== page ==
A day earlier, Trump said that a deal with Mexico on curbing illegal immigration had opened a new era of “great cooperation” between the two countries, adding that he was confident that Mexico City would be “very cooperative” and wanted “to get the job properly done”.
US President Donald Trump has repeated his threat of tariffs against Mexico, saying that the US has already signed a portion of the planned immigration and security pact with the country and warned that Washington would follow through with its threat if the deal was not ratified by Mexican lawmakers.
“We have fully signed and documented another very important part of the Immigration and Security deal with Mexico, one that the US has been asking about getting for many years,” Trump tweeted, adding that the details would be revealed “in the not too distant future”.
On Friday, Washington announced that it had reached an agreement with Mexico City about a border security deal aimed at curbing the flow of illegal immigration from Central America into the United States. Under the deal, Mexico is obliged to deploy its National Guard forces throughout the country, particularly on its southern border, and work more vigorously to dismantle human smuggling operations. The US, in turn, will return asylum seekers attempting to cross the Mexico-US border to Mexico, where they will be held until a decision on whether or not to grant asylum is made.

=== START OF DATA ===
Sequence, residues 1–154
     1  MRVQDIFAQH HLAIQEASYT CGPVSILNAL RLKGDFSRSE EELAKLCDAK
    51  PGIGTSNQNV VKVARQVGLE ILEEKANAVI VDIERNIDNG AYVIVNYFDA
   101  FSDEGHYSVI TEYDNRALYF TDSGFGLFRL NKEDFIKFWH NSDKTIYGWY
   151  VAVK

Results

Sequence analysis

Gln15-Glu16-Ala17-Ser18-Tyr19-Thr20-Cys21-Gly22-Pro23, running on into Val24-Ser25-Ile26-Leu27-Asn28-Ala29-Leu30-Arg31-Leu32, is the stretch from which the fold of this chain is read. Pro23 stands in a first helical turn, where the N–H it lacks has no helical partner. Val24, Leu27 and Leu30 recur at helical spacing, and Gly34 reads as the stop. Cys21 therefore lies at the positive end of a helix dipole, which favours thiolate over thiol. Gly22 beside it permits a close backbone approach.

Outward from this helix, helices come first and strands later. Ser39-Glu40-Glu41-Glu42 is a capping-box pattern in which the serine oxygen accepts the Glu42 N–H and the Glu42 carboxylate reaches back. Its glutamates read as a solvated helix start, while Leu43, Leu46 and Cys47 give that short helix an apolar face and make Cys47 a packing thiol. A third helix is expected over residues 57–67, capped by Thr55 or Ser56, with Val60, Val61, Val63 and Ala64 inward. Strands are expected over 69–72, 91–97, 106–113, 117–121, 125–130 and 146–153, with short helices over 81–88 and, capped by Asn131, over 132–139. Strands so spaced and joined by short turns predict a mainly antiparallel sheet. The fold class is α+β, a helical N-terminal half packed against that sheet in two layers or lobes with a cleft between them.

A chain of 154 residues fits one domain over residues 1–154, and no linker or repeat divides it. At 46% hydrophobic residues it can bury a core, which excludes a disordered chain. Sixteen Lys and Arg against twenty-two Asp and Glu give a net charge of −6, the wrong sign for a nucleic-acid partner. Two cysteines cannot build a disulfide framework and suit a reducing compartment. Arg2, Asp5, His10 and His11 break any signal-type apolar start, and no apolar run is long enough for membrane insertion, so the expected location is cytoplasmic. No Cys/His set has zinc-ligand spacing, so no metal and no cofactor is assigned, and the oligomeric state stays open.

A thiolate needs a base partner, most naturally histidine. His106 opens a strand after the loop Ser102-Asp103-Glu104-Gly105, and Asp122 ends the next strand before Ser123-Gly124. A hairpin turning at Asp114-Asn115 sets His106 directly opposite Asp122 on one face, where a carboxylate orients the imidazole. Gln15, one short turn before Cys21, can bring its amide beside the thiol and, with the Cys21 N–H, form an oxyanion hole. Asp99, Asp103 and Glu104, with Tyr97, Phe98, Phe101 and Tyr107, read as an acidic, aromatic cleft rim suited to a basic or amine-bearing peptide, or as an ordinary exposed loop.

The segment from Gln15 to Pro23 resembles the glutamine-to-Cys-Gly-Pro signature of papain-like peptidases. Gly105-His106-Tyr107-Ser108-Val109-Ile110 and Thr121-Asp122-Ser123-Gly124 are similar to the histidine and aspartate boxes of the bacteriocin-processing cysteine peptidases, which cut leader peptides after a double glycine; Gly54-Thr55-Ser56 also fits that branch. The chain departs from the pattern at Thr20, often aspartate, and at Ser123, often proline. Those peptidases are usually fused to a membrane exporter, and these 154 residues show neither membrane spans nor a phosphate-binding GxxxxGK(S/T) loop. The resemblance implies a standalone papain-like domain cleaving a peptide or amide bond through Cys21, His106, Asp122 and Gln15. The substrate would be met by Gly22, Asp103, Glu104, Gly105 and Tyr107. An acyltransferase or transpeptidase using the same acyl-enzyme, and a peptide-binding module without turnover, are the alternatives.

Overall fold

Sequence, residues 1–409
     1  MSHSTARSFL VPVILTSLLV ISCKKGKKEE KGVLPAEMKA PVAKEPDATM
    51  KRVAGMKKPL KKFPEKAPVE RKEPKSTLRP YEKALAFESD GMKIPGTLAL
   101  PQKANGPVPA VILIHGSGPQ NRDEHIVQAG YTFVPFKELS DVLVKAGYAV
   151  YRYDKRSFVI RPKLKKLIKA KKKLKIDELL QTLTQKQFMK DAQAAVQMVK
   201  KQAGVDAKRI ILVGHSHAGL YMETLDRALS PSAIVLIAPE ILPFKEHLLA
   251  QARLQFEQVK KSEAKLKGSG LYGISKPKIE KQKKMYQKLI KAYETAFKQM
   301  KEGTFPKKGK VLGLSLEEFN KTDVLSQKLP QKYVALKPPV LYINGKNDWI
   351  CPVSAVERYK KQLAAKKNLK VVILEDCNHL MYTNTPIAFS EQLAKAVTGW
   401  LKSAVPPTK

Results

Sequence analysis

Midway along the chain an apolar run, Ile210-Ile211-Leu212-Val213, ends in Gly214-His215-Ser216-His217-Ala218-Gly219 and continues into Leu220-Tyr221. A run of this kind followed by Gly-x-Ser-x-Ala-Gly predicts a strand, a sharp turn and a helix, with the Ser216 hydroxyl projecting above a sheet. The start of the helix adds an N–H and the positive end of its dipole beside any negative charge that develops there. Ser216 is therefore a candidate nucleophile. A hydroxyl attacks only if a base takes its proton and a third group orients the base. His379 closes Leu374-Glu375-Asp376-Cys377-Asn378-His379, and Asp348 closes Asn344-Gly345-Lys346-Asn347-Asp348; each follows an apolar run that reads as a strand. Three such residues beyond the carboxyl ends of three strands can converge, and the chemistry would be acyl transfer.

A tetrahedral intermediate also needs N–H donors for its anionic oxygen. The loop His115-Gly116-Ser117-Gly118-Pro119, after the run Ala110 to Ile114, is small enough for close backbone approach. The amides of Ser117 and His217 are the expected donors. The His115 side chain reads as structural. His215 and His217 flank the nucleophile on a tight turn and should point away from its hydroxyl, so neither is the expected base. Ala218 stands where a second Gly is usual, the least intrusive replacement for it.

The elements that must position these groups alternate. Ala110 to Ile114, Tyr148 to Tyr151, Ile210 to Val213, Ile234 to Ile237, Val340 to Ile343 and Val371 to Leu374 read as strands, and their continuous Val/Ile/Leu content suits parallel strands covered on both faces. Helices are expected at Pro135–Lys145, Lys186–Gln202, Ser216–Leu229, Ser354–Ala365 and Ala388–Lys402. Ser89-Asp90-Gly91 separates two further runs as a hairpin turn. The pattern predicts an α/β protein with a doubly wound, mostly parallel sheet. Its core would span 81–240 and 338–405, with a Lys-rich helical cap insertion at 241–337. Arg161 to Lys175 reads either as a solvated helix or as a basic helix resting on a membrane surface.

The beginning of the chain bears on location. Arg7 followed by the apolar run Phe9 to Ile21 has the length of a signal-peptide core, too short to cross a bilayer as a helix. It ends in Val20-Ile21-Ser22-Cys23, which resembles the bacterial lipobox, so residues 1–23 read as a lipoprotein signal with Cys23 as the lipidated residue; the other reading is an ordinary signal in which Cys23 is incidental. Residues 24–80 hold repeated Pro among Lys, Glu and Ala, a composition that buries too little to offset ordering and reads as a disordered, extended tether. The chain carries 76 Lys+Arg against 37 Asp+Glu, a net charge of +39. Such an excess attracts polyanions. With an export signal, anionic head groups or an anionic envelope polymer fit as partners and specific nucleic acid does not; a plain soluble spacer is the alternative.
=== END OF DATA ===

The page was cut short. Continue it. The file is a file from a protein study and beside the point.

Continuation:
Earlier this month, President Trump threatened to slap Mexico with 25 percent tariffs unless the country did its part to help quell the illegal immigration crisis. The threat led to negotiations. On Saturday, Mexican President Andres Manuel Lopez Obrador promised to cooperate with the US on the migration issue, adding that he intended to continue to build relations and cooperate with the US without “harming the country” or interfering in its internal affairs. Trump responded by saying he had “full confidence” that Mexico would do its part to resolve the border issue.
Caravans of migrants from Central American countries began moving toward the US through Mexico last fall, with President Trump and his Republican allies in Congress calling the phenomenon a national emergency in a bid to secure funds for a border wall, one of Trump’s central campaign promises in 2016.